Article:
So you want to join his excellency, General George Washington, and his Continental troops as they fight the tyrannical British? Once you've signed your name on the drumhead, there are a few items you will need to be effective on the battlefield. Our unit is growing, and our quartermaster has only a small repository of clothing, accoutrements or equipment to loan until you get your own uniform and accoutrements together (much like the real army experienced throughout the Revolution). Here is a general laundry list of items you will need to successfully engage the enemy.
Please bear in mind that you won't need to rush out and get all these things at once, as some members of our unit have many years under their belts and still don't have all their 'stuff'. You can visit the web sites on our Links page to get an idea of what's available on the market. Items considered essential to fall out and field with the unit will be marked as such.
On the left is a plate drawing of a private from the 11th Pennsylvania Regiment, extracted from Uniforms of the American Revolution (Plate 124), by John Mollo, 1975. The Pennsylvania Evening Post of April 22, 1777 mentioned that a deserter had "... A new suit of regimentals, consisting of a light infantry cap, blue coat with scarlet cape and cuffs, white woolen waistcoat, new buckskin breeches."
CLICK HERE to see our documented deserter
reports from various newspapers.
- Click on the underlined text to see a picture of the item -
- A new window will be opened, close it to return -
CLICK HERE to visit the Index to Uniforms of the American Revolution to get an idea of what
various uniforms were seen on the battlefields (brought to you by the Sons of the Revolution).
Documented Uniforms of the 11th Pennsylvania Regiment (Chart by Justin)
(Requires Adobe Acrobat Reader)
Regimental Overcoat - The heavy wool coat. We have two variations documented for the unit: One is dark green with white facings and the other is blue with red facings [you will need approximately 3 1/2 to 4 yards green/blue and 1 yard white/red, and 2 yards lining (one for body, one for sleeves) - use white or natural linen)]
Coat - Also a heavy wool coat. Civilian frock coat or short coat in either blue, brown, or light brown
Hunting Frock / Hunting Shirt - For when it's too hot for the Regimental
Cocked Hat - (Essential) The signature hat of the Continental Soldier
Waistcoat - (Essential) The vest you wear under the coat / frock. Suggested colors are white or "sky blue"
Shirt - (Essential) White cotton to keep you comfortable
Stock - (Essential) 18th century neck tie
Breeches - (Essential) Knee length pants. Suggested color: buckskin or buckskin breeches.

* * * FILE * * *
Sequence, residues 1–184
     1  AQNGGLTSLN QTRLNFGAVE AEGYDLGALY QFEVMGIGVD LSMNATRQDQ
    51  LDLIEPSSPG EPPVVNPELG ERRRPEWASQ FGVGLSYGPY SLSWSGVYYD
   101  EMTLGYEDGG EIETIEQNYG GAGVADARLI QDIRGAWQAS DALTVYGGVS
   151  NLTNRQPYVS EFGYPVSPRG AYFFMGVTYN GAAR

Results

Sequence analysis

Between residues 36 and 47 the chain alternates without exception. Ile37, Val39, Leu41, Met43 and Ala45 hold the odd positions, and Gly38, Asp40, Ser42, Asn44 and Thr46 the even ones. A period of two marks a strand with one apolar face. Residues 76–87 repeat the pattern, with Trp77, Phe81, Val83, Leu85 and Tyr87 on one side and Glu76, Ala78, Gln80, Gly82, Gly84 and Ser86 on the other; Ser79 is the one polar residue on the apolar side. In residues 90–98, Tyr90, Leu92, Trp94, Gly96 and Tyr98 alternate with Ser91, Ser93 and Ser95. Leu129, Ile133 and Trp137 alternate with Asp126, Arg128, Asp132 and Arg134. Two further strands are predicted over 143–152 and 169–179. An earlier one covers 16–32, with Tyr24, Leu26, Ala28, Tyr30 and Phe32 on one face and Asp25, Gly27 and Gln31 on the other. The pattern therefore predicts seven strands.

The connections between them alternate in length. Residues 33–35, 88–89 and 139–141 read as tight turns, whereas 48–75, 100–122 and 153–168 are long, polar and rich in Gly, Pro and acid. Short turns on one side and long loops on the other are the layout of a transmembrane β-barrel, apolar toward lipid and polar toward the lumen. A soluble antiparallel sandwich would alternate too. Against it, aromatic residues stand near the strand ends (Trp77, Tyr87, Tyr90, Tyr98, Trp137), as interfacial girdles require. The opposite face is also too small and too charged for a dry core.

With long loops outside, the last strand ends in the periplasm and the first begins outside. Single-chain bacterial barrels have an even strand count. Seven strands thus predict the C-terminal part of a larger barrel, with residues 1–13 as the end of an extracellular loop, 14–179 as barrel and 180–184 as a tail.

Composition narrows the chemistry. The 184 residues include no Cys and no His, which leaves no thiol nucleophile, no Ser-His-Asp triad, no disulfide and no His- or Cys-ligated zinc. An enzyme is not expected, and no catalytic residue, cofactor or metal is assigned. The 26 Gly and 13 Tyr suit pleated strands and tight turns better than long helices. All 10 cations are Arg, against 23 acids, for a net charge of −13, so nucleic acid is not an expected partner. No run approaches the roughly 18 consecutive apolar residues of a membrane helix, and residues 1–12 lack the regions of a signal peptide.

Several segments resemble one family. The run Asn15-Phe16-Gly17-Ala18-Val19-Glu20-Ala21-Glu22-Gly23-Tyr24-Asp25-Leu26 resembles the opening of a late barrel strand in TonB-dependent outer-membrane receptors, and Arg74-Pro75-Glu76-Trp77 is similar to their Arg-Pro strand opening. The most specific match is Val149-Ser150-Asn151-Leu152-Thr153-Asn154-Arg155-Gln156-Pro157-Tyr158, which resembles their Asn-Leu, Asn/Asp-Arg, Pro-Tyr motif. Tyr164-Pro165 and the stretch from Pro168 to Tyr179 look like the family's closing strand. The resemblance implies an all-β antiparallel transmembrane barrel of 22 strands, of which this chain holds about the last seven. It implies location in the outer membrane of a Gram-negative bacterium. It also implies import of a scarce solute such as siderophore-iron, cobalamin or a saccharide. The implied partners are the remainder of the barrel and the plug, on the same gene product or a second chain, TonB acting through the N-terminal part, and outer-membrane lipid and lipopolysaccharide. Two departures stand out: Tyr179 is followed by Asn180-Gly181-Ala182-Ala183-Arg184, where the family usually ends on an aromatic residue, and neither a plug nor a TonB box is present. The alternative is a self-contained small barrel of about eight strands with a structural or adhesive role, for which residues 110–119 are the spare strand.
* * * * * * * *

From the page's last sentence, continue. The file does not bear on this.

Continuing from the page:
Stockings - (Essential) Covers the legs between the shoes and breeches. Remember that they need to be held up by leather garters (just below the knees). Suggested colors are white or blue
Half Gaiters - Protects the lower legs in heavy brush
Shoes - (Essential) 18th century buckled
Weaponry / Accoutrements:
Flintlock Musket/Rifle - (Essential) This would undoubtedly be one of your most expensive acquisitions, but necessary if you are going into battle. The British Brown Bess and the French Charleville are the two most popular models of muskets, but any model musket prior to 1763 would be acceptable. For you militia fans, there is a large variety of rifles out there, too. CLICK HERE to read more about the history of the Brown Bess. The PEDERSOLI company is known to make the Cadillac of recreation firearms.
Bayonet - For when you run out of powder ... run 'em through
Tomahawk - Cuts through wood and the enemy
Scabbard - 'Double frogged' sling to hold the bayonet and/or tomahawk/sword
Cartridge Box - (Essential) Holds prepared charges of powder
Canteen - (Essential) Wooden, tin or gourd. A must on those hot days
Musket Tool - Multipurpose screwdriver for changing flints and performing in-field maintenance
Spare Flints - (Essential) You can't fire a musket if you don't have extra when needed
Wooden Flints - For drills and practice ... extra safety and keeps the frizzen from wearing down
Hammer Stall - (Essential) A protective leather thong that goes over the frizzen, preventing a spark from accidentally firing the musket (required safety item)
Flash Guard - (Essential) Keeps the hot vent flame of the musket's touch hole from charring your fellow comrades (required safety item)
Haversack - Generic sack that carries eating utensils, rations and whatever goodies you carry with you into the field
Knapsack - Generic sack that carries eating utensils, rations and whatever goodies you carry with you into the field
Firestarter Kit - A kit containing flint, a steel striker, charcloth and tow. What is a match?
Rank - A linked site denoting the various insignia of rank
Tent - Protection for your body and equipment on those cold, wet nights
Cooking / Eating Utensils - It is nice to be able to cook and eat the food you bring
Stool - Always handy to sit down in camp
Drill of 1764 - This pamphlet is THE drill for an early war unit, such as ourselves. A MUST for every haversack (i.e. get it out and learn it).
Von Steuben - (Coming Soon) Good to know since most Continental Line events use this drill format
Pickering - (Coming Soon) Popular in Massachusetts during the early stages of the war
Note: Although many of these items would not be needed for a single day's event (such as a tent), all are quite handy and used during our weekend long engagements.
Men's Clothing Links
Men's Clothing Guidelines from 18th Century New England Life
All the pen & ink drawings linked to this page can
be found in Klinger's Sketch Book 76
Photos are from the unit's photo library
- 11th PA historical plate previously cited -
Use the BACK key to return to the Previous Page